This digital resource was created by students at Cabramatta Public School. Even though it was created locally, it has a global perspective, as it informs students of the many greetings that are used around the world. Teachers should emphasise this point to students. Its content is appropriate for ES1 as each greeting is connected to a picture and action (body language). The combination of word, image and movement is assistive in terms of consolidating concepts. As an introductory activity, informally ask students about the type/s of greetings that they know of from around the world. As an extension (or depending on prior knowledge), ask students to consider in what countries might these greetings be used? Give students a hint, e.g. bowing in Japan. This activity will help teachers in identifying students’ prior knowledge for the next task. On an interactive or classroom whiteboard replicate the same mind map that is shown on the video (showing the greetings from around the world). For the activity, the teacher will have pre-printed visual images (non-verbal body language) that match the words ‘greetings’ on the mind map. The teacher will ask students to place the visual image next to the corresponding word on the mind map. By participating in this ‘active’ form of learning, students will be more likely to make clear distinctions between the image and word. In support of this, Gilbert (2011) states that this type of ‘active’ learning goes beyond ones “passive reception” (Gilbert, 2011, p. 143). Ask students to act out some of the greetings that they have learnt from the video or their peers. In terms of assessment, have students write one or two sentences in their classroom journal and write about their favourite type/s of greetings (shown in the film clip). Ask students to draw a picture showing the greeting (non-verbal movement). Provide scaffolding for students if necessary.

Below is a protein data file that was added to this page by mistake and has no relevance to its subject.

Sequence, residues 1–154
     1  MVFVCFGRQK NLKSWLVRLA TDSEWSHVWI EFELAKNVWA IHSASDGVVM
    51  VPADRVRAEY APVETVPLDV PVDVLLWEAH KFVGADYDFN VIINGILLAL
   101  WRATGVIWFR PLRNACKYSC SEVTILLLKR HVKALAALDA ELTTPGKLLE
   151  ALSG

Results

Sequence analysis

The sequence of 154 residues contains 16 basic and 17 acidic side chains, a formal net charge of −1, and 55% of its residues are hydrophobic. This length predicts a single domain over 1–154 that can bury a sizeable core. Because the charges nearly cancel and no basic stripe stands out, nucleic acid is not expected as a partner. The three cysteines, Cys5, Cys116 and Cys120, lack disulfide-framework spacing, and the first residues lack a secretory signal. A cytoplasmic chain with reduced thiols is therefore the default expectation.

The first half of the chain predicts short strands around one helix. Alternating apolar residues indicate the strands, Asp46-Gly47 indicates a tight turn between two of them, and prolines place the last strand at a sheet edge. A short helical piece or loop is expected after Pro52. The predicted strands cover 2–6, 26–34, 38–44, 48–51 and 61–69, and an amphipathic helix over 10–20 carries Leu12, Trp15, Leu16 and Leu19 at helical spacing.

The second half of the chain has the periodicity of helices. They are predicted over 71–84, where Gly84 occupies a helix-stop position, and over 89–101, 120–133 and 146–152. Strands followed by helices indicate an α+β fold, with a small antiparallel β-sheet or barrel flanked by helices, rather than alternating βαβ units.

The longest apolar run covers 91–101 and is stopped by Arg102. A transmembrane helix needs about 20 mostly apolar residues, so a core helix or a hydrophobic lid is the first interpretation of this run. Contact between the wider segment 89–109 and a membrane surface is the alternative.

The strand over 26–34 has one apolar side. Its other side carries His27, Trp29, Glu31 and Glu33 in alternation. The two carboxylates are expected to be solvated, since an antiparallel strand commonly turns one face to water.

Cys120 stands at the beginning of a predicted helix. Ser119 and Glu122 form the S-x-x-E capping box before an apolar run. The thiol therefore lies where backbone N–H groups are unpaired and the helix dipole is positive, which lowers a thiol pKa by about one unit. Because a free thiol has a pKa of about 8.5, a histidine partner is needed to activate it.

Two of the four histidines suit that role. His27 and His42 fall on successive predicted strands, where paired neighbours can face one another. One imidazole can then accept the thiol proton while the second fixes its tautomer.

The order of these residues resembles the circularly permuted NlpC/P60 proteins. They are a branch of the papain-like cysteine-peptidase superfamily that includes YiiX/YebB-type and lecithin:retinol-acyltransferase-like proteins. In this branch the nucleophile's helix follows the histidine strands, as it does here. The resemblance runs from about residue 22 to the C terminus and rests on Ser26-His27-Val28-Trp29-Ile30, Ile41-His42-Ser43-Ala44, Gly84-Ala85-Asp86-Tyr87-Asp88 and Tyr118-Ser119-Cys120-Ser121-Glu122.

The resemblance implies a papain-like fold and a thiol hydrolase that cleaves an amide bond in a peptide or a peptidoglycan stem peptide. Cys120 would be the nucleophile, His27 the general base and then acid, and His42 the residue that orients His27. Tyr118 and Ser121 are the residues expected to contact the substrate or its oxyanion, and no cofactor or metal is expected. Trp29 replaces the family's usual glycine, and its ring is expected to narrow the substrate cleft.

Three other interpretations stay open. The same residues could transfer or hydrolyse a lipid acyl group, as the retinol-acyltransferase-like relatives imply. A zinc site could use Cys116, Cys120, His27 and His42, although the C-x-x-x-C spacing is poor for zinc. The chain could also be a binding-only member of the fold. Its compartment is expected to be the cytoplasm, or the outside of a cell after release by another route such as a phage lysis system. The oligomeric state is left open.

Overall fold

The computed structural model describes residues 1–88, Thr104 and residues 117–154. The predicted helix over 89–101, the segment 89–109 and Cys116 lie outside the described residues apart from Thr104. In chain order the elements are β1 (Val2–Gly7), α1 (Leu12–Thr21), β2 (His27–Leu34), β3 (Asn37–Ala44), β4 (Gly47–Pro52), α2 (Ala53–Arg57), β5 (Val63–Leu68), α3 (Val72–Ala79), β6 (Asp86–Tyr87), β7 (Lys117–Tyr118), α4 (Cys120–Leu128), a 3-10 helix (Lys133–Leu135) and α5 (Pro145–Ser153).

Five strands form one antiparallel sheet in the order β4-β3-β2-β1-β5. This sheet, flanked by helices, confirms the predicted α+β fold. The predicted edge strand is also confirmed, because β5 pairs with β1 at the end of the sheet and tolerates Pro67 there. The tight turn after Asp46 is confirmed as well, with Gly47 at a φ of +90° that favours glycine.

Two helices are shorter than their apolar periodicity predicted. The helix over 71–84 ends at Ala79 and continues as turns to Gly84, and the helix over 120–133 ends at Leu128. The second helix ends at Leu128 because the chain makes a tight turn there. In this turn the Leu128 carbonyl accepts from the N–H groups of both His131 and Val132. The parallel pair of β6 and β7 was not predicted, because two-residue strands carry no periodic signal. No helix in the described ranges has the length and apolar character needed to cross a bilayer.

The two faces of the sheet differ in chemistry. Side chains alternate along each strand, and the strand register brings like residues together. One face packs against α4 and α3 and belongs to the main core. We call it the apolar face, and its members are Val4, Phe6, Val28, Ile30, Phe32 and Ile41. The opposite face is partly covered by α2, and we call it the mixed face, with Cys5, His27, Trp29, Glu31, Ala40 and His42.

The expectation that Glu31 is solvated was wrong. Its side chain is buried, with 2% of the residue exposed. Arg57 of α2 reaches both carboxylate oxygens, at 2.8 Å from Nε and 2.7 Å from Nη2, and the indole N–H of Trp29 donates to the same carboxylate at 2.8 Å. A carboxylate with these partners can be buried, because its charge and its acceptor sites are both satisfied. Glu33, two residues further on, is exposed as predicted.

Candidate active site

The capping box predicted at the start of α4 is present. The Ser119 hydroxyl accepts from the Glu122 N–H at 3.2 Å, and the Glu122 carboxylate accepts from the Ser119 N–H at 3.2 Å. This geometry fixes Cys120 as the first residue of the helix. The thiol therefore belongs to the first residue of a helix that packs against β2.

References: